‘Annabel Christopher, an English actress of the 1960s, is described to us by everybody: her husband, their friends, neighbours, directors, film buffs, reporters and, repeatedly, by Spark herself, who circles ever closer to her prey… Spark doesn’t ignore the difficulties involved in getting us to care about this characterless movie star. While she exults in her vapidity, she also adroitly circumvents it by making Annabel real… To endear Annabel to us yet further, Spark gives her a traitorous quibbler of a husband who’s always correcting Annabel’s grammar… The question hovers over the novel: is Annabel stupid? Her husband thinks so, her directors hope so. Spark takes this opportunity to mock all of humanity for having the chutzpah to make any claims to intelligence, suggesting it’s probably way beyond our reach.’ From the Introduction by Lucy Ellmann This is one novel in the absolutely glorious, must-have, complete collection of all 22 novels by Muriel Spark. This series is a wonderful way to celebrate the 100th anniversary of Muriel Spark’s birth. Edited by Alan Taylor, author of Appointment In Arezzo, A Friendship with Muriel Spark, each perfectly sized and beautiful hardback book is introduced by a leading writer. Each introduction, while individually touching on thoughts and feelings, mentions the originality, the wit and humour, the cleverness of the writing. Whether an existing fan, or new to her works, this collection from one of our greatest writers, beckons, and quite simply, just asks to be read and re-read. ~ Lovereading.co.uk
Seven captivating short stories set in the rather wonderful world of DCI Daley, which can either serve as a revealing introduction to the series, or be enjoyed by existing fans. I love a good short story, and I adore this series, so was waiting expectantly with hands outstretched for ‘One Last Dram Before Midnight’. Denzil Meyrick unveils the past, divulges more information on certain characters (we see an entertaining glimpse of Hamish in his younger days), and hands us some thoroughly tricky crimes to solve. I have a real soft spot for DS Scott, and I was on the edge of my seat during one particular situation.‘One Last Dram Before Midnight’ contains Meyrick’s trademark dark police humour and plenty of gritty cases, a few ghostly whispers also caress the pages, ensuring a gathering of gutsy, compelling tales. ~ Liz Robinson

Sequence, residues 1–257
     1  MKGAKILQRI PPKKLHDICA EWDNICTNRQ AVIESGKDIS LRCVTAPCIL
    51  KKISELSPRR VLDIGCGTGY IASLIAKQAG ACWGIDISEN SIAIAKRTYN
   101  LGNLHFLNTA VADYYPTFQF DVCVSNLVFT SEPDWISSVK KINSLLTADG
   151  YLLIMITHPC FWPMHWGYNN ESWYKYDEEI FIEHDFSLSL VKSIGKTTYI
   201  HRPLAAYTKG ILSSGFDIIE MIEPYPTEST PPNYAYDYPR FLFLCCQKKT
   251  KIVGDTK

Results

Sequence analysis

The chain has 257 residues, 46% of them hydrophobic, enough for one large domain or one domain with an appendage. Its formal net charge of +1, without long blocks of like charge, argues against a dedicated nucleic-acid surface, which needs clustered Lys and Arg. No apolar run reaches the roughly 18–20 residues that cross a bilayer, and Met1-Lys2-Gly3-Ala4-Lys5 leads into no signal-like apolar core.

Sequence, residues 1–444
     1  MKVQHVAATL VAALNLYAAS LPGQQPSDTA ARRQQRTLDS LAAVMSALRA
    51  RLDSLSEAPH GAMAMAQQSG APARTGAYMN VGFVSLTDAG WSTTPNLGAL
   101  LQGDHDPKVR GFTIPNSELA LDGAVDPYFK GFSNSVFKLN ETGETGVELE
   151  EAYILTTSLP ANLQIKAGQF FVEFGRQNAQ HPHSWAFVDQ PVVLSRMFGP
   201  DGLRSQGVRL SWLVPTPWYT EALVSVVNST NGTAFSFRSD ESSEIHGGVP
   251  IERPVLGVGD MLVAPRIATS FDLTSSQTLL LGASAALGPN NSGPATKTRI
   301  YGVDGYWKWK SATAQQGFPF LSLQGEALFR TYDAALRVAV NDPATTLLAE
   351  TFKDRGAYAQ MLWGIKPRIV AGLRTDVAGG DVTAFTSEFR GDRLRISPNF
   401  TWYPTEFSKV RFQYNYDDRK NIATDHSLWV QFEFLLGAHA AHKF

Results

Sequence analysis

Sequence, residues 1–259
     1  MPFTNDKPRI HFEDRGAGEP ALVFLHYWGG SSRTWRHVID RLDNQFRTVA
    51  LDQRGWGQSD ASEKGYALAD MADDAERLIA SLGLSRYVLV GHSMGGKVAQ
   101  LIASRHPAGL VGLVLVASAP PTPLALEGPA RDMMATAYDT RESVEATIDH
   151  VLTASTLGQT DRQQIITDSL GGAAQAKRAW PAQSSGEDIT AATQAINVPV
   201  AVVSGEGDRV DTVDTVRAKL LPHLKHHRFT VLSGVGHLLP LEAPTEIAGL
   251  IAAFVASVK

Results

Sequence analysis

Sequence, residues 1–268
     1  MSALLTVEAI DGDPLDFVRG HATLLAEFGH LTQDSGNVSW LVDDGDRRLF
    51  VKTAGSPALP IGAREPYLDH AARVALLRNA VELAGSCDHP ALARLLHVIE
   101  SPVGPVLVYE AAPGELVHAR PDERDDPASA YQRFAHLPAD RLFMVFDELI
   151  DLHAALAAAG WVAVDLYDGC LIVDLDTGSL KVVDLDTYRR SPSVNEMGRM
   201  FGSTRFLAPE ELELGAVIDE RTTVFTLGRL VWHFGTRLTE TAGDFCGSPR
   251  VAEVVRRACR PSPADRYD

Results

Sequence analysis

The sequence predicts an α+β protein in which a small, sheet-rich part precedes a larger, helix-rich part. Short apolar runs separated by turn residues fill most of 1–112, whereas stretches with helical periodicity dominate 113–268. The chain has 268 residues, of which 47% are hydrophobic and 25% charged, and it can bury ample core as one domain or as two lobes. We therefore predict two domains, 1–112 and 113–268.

An utterly compelling read giving an insight into the wars in Iraq, written with a frank, decisive and convincing hand. Once you start reading, you quite simply don't want to stop, it’s an often uncomfortable read but there is a feeling of needing to know and wanting to empathise with these characters. It feels as though you have been permission to have direct access to their minds, their memories, the confusion of going from a war zone to a home town, of being in combat. Although there are 12 short stories revealed here, it almost seems as though you are listening to one solider and yet all of them at the same time. Unless from a military background you may need to have a device handy to look up the acronyms used here. This is a commanding collection of short stories, one that will demand your attention throughout and clamour at your consciousness long after.~ Liz Robinson
A brilliant, bruising depiction of the dark side of 1950s Hollywood, from the author of In Love. At a Hollywood party, a screenwriter rescues an aspiring actress from a drunken suicide attempt. He is married, disillusioned; she is young, seemingly wise to the world and its slights. They slide into a casual relationship together, but as they become ever more entangled, he realises that his actions may have more serious consequences than he could ever have suspected. Hayes' exquisite novella, written in his cool, inimitable style, holds a revealing light to the hollowness of the Hollywood dream and exposes the untruths we tell ourselves, even when we think we have left illusions behind.
Deceptively clever and utterly compelling, this beautifully written little book will continue to haunt your thoughts long after you've finished it. Set in Montreal, the world of Bilodo the postman is a simple one, but he regularly sneaks a peek into other peoples worlds by reading their handwritten letters; events take a darker turn as he deviates from voyeur into an obsessive usurper. The author uses Japanese haiku and tanka poetry to allow Bilodo to converse with the woman of his dreams; exquisite clusters of words will snag your attention and demand that you re-read them. This is essentially a book of love, of what might have been and of what could still come… One of our Books of the Year 2014. Selected as a BBC Radio 2 Book Club title in September 2014.